Advertisement

Effect of Glazing Ratio on Thermal Comfort and Heating/Cooling Energy Use

  • Haiying WangEmail author
  • Bjarne W. Olesen
  • Ongun B. Kazanci
Conference paper
  • 237 Downloads
Part of the Environmental Science and Engineering book series (ESE)

Abstract

Glazing ratio (GR) or window-to-wall area ratio is an important factor that affects thermal loads. It also has impact on thermal environment because solar radiation through windows and warm/cold window surface temperature in different seasons. In this study, GR of 30 and 100% was compared to see their impact on thermal environment and energy use. The study was performed based on a simple office model equipped with fan-coil system located in Paris. Air temperature-based thermostat control and operative temperature-based thermostat control were compared for both GR conditions. As expected, with 100% GR, the offices used more heating and cooling energy. Total heating energy increased about 140–150% and cooling energy increase 55–60%. Compared to 30% GR, thermal comfort became worse. During working hours, the air temperature change became higher with 100% GR. Statistics showed that there were less occupancy hours within ±0.7 (PMV) when 100% GR was used. Thermal conditions of north office were better than south office. The results also showed that with operative temperature control thermal comfort can be better for both north and south office. Based on the results, operative temperature control would be better to keep comfortable thermal environment for offices with high GR.

Keywords

Glazing ratio Thermal comfort Energy use Fan-coil system 

Notes

Acknowledgements

This study has been financially supported by the National Natural Science Foundation of China (No. 51678314).

References

  1. 1.
    Bessoudo, M., et al.: Indoor thermal environmental conditions near glazed facades with shading devices—Part I: Experiments and building thermal model. Build. Environ. 45(11), 2506–2516 (2010)CrossRefGoogle Scholar
  2. 2.
    Lyons, P., et al.: Window performance for human thermal comfort. In: ASHRAE 2000 Winter Meeting, Dallas, Texas (2000)Google Scholar
  3. 3.
    Atmaca, I., et al.: Effects if radiant temperature on thermal comfort. Build. Environ. 42(9), 3210–3220 (2003)CrossRefGoogle Scholar
  4. 4.
    Hardy, J.D.: The effective radiant field and operative temperature necessary for comfort with radiant heating. ASHRAE J. 4(11), 36–42 (1967)Google Scholar
  5. 5.
    Gagge, A.P., et al.: The effective radiant field and operative temperature necessary for comfort with radiant heating. ASHRAE J. 9(5), 63–70 (1967)Google Scholar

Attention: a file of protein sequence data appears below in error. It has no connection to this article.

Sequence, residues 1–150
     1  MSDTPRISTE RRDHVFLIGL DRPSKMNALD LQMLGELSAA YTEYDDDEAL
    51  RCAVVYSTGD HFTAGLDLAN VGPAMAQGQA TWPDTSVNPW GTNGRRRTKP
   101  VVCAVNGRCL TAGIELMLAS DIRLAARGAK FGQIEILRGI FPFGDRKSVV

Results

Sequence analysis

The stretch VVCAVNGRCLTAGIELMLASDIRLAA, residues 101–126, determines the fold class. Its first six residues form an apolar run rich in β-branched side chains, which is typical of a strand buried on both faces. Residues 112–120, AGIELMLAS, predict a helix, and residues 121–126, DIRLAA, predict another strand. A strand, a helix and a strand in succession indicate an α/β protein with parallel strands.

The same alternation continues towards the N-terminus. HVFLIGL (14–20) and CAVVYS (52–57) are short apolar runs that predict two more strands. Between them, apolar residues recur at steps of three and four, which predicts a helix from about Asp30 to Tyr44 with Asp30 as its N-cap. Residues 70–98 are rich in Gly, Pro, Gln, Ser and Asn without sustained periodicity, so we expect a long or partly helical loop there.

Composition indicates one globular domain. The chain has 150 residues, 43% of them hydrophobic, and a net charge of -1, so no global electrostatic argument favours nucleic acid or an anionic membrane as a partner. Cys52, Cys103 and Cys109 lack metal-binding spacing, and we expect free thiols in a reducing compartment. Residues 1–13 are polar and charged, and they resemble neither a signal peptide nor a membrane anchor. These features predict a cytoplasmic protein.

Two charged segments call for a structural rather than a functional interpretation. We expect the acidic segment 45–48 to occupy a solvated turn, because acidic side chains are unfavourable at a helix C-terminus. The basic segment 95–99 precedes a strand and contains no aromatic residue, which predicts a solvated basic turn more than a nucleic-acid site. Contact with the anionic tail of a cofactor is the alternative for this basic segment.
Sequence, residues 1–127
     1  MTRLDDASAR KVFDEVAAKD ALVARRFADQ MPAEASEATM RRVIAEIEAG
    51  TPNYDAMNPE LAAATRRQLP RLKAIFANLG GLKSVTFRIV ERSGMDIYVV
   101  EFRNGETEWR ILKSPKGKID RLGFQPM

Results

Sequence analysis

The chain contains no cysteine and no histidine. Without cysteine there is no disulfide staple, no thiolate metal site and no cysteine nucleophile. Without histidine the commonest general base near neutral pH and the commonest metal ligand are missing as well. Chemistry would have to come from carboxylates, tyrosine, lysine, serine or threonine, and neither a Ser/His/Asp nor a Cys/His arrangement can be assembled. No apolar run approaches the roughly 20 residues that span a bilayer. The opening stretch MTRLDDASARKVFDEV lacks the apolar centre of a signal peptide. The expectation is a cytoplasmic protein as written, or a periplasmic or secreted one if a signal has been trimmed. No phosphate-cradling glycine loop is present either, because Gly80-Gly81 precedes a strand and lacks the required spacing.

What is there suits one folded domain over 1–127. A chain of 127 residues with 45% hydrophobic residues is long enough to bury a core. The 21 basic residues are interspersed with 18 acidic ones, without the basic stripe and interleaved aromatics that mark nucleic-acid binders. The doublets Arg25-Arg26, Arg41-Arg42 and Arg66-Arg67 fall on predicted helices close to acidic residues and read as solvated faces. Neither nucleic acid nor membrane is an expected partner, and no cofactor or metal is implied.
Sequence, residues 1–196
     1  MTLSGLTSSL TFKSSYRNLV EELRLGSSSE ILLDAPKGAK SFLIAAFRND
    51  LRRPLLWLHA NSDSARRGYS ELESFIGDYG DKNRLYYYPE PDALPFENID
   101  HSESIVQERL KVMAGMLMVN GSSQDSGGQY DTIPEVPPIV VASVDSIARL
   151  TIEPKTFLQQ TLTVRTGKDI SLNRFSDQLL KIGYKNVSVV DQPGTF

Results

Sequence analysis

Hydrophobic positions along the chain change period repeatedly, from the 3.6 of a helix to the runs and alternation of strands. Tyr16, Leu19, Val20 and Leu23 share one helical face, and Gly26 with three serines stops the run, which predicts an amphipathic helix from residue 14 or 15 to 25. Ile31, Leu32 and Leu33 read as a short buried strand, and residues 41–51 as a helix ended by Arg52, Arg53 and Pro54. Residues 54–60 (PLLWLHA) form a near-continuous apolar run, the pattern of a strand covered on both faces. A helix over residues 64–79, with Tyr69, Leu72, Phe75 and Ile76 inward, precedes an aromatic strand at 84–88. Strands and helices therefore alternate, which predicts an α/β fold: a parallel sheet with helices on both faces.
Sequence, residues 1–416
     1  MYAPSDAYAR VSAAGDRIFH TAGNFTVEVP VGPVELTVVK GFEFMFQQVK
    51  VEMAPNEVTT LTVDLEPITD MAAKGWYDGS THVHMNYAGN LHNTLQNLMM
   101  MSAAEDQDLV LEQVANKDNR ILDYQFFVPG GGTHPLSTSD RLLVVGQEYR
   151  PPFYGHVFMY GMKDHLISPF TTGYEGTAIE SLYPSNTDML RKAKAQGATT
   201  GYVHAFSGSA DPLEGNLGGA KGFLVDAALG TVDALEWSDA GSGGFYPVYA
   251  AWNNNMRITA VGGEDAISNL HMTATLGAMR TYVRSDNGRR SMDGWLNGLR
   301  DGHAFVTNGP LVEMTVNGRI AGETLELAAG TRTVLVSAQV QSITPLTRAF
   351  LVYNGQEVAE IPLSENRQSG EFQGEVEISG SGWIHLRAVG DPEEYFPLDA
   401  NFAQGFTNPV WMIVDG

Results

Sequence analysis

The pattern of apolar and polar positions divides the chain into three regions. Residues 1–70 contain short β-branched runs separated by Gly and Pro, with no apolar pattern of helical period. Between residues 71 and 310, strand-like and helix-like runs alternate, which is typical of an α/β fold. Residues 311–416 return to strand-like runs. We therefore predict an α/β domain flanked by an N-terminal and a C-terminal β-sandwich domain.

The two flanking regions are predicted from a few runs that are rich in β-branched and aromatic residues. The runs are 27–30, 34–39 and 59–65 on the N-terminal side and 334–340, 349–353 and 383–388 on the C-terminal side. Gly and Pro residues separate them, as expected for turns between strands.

6. 6.
    ASHRAE: ANSI/ASHRAE Standard 55: thermal environmental conditions for human occupancy. ASHRAE, Atlanta (2013)Google Scholar
  7. 7.
    European Committee for Standardization: EN 15251: Indoor Environmental Input Parameters for Design and Assessment of Energy Performance of Buildings Addressing Indoor Air Quality, Thermal Environment, Lighting and Acoustics, Brussels, Belgium (2007)Google Scholar
  8. 8.
    International Standard Organization for Standardization: EN ISO 7730: International Standard: Ergonomics of the Thermal Environment-Analytical Determination of Thermal Comfort by Using Calculations of the PMV and PPD Indices and Local Thermal Comfort Criteria, Geneva, Switzerland (2005)Google Scholar
  9. 9.
    Jain, V., et al.: Effect of operative temperature based thermostat control as compared to air temperature based control on energy consumption in highly glazed buildings. In: Proceedings of Building Simulation, November, Sydney: 2688–2695 (2011)Google Scholar
  10. 10.
    Julien, C., et al.: Simulation of control options for HVAC management of a typical office building. In: Climate 2009, Lisbon, Portugal (2009)Google Scholar
  11. 11.
    Kontes, G.D., et al.: Using thermostats for indoor climate control in office buildings: the effect on thermal comfort. Energies 10, 1368-22 (2017).  https://doi.org/10.3390/en10091368CrossRefGoogle Scholar
  12. 12.
    Wang, H., Olesen, B.W., Kazanci, O.B.: Using thermostats for indoor climate control in offices: the effect on thermal comfort and heating/cooling energy use. Energy Build. 188–189, 71–83 (2019)CrossRefGoogle Scholar
  13. 13.
    Li, R., et al.: Case-study of thermo active building systems in Japanese climate. Energy Procedia 78, 2959–2964 (2015)CrossRefGoogle Scholar
  14. 14.
    Kolarik, J., Olesen, B.W., et al.: Simulation of energy use, human thermal comfort and office work performance in buildings with moderately drifting operative temperatures. Energy Build. 43, 2988–2997 (2015)CrossRefGoogle Scholar
  15. 15.
    ASHRAE: ASHRAE Handbook—Fundamentals. Atlanta, USA (2013)Google Scholar
  16. 16.
    Simone, A., et al.: Operative temperature control of radiant surface heating and cooling systems. In: Proceedings of Clima: Wellbeing Indoors (2007)Google Scholar

Copyright information

© Springer Nature Singapore Pte Ltd. 2020

Authors and Affiliations

  • Haiying Wang
    • 1
    Email author
  • Bjarne W. Olesen
    • 2
  • Ongun B. Kazanci
    • 2
  1. 1.Department of Environment and Municipal EngineeringQingdao University of TechnologyQingdaoChina
  2. 2.International Centre for Indoor Environment and Energy, Department of Civil EngineeringTechnical University of DenmarkKgs. LyngbyDenmark

Personalised recommendations